The Life Cycle of a Takahē

Takahē are long–lived birds. In captivity and at secure sites they can live for up to 20 years or more. In the wilds of Fiordland their maximum lifespan is about 15 years.

Alpine, the oldest known takahē, was hatched from an egg collected in the Murchison Mountains.  She spent her all of her 27 years at the Te Anau Bird Sanctuary (then known as the Te Anau Wildlife Centre).

Eggs

Takahē lay 2 (sometimes up to 3) speckled eggs in a nest on the ground usually under the canopy of a tussock, grass or flax.

Chicks

Chicks hatch out of their egg as balls of black downy feathers with oversized feet and a white tipped beak.  They only spend a couple of days on the nest before venturing forth  returning to the nest for only the first week after hatching.  The second chick of a clutch usually arrives a couple of days after the first and will leave the nest even more quickly, often within two days of hatching.

Chicks stay close to their parents and if threatened will usually hide whilst the parents move away drawing the threat with them.

 

3 month old takahē.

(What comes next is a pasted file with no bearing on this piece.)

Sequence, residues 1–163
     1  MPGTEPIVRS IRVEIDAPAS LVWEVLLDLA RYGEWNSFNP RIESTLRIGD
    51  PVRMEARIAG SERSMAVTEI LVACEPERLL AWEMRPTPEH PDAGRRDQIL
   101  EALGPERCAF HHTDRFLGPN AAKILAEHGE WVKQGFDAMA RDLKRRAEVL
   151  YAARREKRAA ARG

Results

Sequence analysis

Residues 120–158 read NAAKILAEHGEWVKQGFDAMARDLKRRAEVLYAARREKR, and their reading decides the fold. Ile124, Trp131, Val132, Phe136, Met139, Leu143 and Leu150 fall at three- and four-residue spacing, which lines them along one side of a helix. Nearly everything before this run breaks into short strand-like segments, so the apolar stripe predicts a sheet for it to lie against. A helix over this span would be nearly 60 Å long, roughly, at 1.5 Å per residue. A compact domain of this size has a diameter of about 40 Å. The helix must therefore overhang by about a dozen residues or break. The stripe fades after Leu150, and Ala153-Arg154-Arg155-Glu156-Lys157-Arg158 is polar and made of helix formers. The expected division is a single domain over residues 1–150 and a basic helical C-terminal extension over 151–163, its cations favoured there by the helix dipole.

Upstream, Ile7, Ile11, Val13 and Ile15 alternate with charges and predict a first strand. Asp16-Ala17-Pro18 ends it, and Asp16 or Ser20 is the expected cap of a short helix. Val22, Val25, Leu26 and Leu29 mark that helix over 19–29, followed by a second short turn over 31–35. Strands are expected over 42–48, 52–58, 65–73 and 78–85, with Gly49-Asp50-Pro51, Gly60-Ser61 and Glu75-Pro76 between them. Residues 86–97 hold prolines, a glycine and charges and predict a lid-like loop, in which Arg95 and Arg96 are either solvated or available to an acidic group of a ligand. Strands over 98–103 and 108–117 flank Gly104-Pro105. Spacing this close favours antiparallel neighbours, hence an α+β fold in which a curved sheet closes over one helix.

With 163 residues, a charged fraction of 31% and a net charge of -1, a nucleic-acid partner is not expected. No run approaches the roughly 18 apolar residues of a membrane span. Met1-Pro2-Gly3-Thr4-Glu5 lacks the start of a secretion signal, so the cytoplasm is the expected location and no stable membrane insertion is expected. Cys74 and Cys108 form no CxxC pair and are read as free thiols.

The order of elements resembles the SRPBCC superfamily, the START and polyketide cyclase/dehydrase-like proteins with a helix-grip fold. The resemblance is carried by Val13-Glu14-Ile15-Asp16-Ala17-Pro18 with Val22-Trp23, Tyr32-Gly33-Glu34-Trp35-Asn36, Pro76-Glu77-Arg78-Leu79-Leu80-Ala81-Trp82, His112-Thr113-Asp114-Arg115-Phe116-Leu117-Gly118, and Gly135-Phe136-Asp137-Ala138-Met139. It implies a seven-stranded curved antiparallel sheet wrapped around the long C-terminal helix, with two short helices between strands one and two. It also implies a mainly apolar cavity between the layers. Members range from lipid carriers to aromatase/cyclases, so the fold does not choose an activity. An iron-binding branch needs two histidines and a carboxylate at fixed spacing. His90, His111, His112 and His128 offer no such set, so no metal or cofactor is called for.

3 month old takahē showing typical juvenile colouring. Photo: Sabine Bernert

Chicks slowly develop adult plumage throughout the first year of life.  Over the first three months their black down covering is replaced by grey-blue feathers with soft teal feathers gradually developing on their backs.  Full adult plumage has developed by six to seven months.  Finally their beaks and feet develop the distinctive red colouring so that by one year old they look like adult takahē.

 

Teenage helpers?

Young takahē  stay with their parents for at least the first year of their life. Sometimes they  stay and help with chick-rearing in the following breeding season, not ‘leaving home’ until they are 18 months old.

 

Takahē retirement

Takahē start breeding at 2-3 years old and will continue through until they are about 14 – 15 years old.

Display sites provide great retirement homes for 14-15 year old takahē from secure sites. Once they have reached an age where they are unlikely to successfully breed, takahē are moved to display or retirement sites to free up territories for more productive birds.

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